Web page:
Reviewed by Amanda Schafer

A young mother with three children is on a train, going home, when she is separated from her oldest child. The other man on the train kindly says he’ll meet her at the next station with her daughter, but when Rose gets there her daughter and that man are nowhere to be seen.

Lucy has always had a fear of separation, a fear that cripples her when she has to leave any of her loved ones for an extended period of time. The panic sets in and grips her, causing nightmares of a woman screaming. When Lucy’s marriage begins to fall apart, she moves with her daughter to her parents’ home in order to take over their auctioning business. Once there Lucy meets Sarah, a grief-stricken young woman who’s been reclusive since losing her father and son in a car crash.

Sarah and Lucy become fast friends and Sarah comes to work for Lucy at the auction service. Lucy’s daughter, Hanna, meets an older couple, John and his sister Philippa, who have just moved into a cottage down the road. Over time, John and Philippa come to work at the auction service as well. Lucy’s parents, now retired, have decided to travel and get some rest, especially now that Lucy’s mother has taken ill.

Behind the scenes, we see John and Philippa talk of a secret that needs to be revealed. There seems to be something troubling Lucy’s mother, but no one can figure out what it is. And Sarah’s mother has always been emotionally unstable and was prone to long bouts of depression when Sarah and her brother and sister were growing up.

It doesn’t take long to figure out that Lucy is the young child stolen at the beginning of the book. But the reasons for it all, and the aftermath that played out is very cleverly woven into the story. It’s hard to imagine how one would deal with that sort of loss and still be able to go on, and we find out that for many reasons, Sarah’s mother really couldn’t go on. Not completely. Now that the truth has surfaced, they have to figure out if they can create new friendships and, perhaps, become a family once again.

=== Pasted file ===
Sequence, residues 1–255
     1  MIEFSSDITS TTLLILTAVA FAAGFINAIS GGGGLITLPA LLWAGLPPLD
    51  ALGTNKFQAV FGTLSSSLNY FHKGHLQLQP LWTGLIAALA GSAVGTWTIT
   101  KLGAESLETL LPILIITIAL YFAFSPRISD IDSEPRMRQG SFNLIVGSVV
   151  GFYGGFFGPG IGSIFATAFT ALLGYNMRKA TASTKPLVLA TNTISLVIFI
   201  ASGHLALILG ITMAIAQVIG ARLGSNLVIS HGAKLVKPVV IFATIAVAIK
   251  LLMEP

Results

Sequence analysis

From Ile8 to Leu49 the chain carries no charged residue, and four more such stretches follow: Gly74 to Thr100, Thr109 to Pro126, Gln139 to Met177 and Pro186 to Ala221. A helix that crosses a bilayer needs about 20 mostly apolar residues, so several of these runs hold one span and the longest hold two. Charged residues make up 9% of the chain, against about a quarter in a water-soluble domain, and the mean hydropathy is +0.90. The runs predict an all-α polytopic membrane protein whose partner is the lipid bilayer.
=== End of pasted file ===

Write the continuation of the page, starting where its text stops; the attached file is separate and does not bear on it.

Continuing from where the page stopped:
There was one aspect of the kidnapping that wasn’t covered and seemed to be a very important piece to me, and that was how Lucy reacted to being kidnapped. Lucy’s parents die before anyone can question them about the kidnapping and all we have is their letter to Lucy about the incident. However, in that letter there is no mention of Lucy being distraught or upset or sullen or scared…any of which would be acceptable reactions from a young child who’s been taken from her mother. We know, obviously, from Lucy’s reactions as an adult that she was traumatized horribly by the incident and it just would have been nice to see that side of the story from her parents. It was a little irritating to me that they were dropped from the story so easily.

Stolen is the first book by Susan Lewis that I’ve read and it took me a while to get truly interested. The story was a good one and had a very good development of the characters, but I personally felt that it was too long. What was written in 450 pages could have easily been knocked down to 350 while maintaining the quality of the story. There just seemed to be certain parts of the story that weren’t really necessary to the plot. That being said, since this was my first book by Lewis, I would read her other books to give her another chance.

Rating: ★★★½☆ 

Amanda lives in Missouri with her engineering husband, two sons, and one daughter. In between homeschooling and keeping up with church activities she loves to read Christian Fiction, Women’s Fiction, and any Chick-Lit. She never goes anywhere without a book to read!

Review copy was provided free of any obligation by Trafalgar. No monetary or any other form of compensation was received.